Over the course of the hour, Trump was questioned many times about Russian interference during and after the U.S. presidential election, something that’s been confirmed by intelligence agencies. But he ultimately failed to answer questions about what actions he’d take against Russia for the hacking.
“If (Russian President Vladimir) Putin likes Donald Trump, I consider that an asset, not a liability,” Trump said. “Because we have a horrible relationship with Russia. Russia can help us fight ISIS, which by the way, is No. 1 tricky.”
Schultz said Trump might be “banking too hard on thinking a personal relationship that he has or doesn’t have with Putin may override the interest that Russia has as a country… Russia’s not exactly a (U.S.) enemy but it’s not exactly an ally either.”
4. He spoke out against BuzzFeed and other news organizations he said publish “fake news.”
Trump called BuzzFeed, which published an incendiary article about Trump based on unconfirmed leaked information, “a failing pile of garbage” and later got into a shouting match with a CNN reporter, saying “you are fake news” and refused to take his question. CNN had also reported the news published in the BuzzFeed article.
“I will tell you, some of the media outlets that I deal with are fake news more so than anybody,” Trump said. “I could name them, but I won’t bother, but you have a few sitting right in front of us. So they’re very, very dishonest people, but I think it’s just something we’re going to have to live with.”
Schultz said politicians making the media into a common enemy of the people is a trend that will likely continue.
“You never lose by beating up on the press if you’re a public official anymore,” Schultz said. “I tell my students, the only consolation public officials may have is the only people hated more than Congress may be the media in general.”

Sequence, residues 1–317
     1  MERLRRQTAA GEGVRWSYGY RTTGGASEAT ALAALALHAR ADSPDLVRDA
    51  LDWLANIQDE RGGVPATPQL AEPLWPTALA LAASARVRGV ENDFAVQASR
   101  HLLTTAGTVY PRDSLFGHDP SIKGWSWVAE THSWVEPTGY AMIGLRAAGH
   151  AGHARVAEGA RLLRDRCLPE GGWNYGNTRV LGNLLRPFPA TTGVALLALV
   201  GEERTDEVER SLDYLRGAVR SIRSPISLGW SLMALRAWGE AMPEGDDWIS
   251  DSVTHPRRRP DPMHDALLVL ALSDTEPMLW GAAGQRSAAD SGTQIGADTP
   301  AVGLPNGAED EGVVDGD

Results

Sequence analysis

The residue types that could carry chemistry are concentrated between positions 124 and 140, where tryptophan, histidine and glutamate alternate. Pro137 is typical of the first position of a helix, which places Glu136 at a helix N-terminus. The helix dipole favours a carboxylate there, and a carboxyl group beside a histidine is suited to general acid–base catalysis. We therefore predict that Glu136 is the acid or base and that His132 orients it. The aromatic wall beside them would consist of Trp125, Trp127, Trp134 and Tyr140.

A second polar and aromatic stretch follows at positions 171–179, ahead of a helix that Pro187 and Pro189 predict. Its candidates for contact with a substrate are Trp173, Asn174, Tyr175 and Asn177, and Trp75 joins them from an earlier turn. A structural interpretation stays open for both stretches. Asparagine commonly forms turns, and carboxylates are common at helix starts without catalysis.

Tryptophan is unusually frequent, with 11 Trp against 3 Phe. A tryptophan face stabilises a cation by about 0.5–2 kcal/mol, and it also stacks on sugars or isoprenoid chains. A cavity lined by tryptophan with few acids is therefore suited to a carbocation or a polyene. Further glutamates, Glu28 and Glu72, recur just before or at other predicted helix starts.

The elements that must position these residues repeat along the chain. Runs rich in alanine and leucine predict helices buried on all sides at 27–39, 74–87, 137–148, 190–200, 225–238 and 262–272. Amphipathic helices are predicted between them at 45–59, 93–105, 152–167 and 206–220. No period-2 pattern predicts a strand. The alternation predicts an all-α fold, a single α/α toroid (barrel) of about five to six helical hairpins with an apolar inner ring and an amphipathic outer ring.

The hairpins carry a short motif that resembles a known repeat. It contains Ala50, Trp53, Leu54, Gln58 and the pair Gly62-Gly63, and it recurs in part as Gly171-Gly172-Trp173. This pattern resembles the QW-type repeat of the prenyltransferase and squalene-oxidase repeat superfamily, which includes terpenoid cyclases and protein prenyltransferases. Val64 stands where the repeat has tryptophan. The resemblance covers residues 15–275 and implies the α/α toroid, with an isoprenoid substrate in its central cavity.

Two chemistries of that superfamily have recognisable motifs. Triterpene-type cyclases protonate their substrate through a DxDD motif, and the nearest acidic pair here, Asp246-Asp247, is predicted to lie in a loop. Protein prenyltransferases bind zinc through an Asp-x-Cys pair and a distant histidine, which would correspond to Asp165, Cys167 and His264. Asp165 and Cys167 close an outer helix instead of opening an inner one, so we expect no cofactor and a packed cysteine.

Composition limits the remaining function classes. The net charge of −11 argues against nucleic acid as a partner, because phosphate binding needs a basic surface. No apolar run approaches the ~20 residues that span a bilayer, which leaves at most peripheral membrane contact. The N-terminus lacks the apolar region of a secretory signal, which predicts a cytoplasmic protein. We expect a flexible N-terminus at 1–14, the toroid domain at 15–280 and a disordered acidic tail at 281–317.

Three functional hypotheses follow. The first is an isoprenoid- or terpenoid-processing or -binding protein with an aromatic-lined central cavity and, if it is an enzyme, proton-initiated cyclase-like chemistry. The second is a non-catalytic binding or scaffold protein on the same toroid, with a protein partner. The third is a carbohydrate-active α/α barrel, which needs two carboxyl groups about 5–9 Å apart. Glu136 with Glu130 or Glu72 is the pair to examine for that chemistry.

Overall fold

Although he doesn’t lose anything with the public by abusing the media, “what he does lose… is the media support I think he needs to succeed as the president of the United States,” Schultz said.
He can’t do everything with 140 characters on Twitter. This combative relationship only sets him up for reporters not giving him the benefit of the doubt on stories moving forward. … Today was a sign that he’s going to have a difficult time with press relations… and hoping he can bypass Congress, go through the media and get directly to the public to support him.”
5. He reiterated that Mexico will reimburse the U.S. for the border wall he plans to build.
Trump said he “respect[s]” and “love[s]” the people and government of Mexico, and has a plan for getting them to reimburse the U.S. for his much-talked-about wall.
“Mexico, in some form, and there many different forms, will reimburse us and they will reimburse us for the cost of the wall,” he said.
Schultz said “there’s nothing we can do whatsoever to force Mexico to pay for that wall.” He’ll likely take another strategy, Schultz said.
“I doubt (Trump is) going to send a bill to Mexico and say, ‘Here’s a bill for the wall,'” he said. “What I think he’s going to try to do is link the building of the wall to a re-negotiation of (the North American Free Trade Agreement). … ‘We’ve now renegotiated NAFTA, we got ‘x,’ ‘y,’ ‘z’ from Mexico, that’s Mexico paying the bill for the wall.'”
Stream PBS NewsHour’s feed of the news conference:
Katie Moritz is Rewire’s senior editor and a Pisces who enjoys thrift stores, rock concerts and pho. She covered politics for a newspaper in Juneau, Alaska, before driving down to balmy Minnesota to help produce long-standing public affairs show “Almanac” at Twin Cities PBS. Now she works on this here website. Reach her via email at [email protected] Follow her on Twitter @katecmoritz.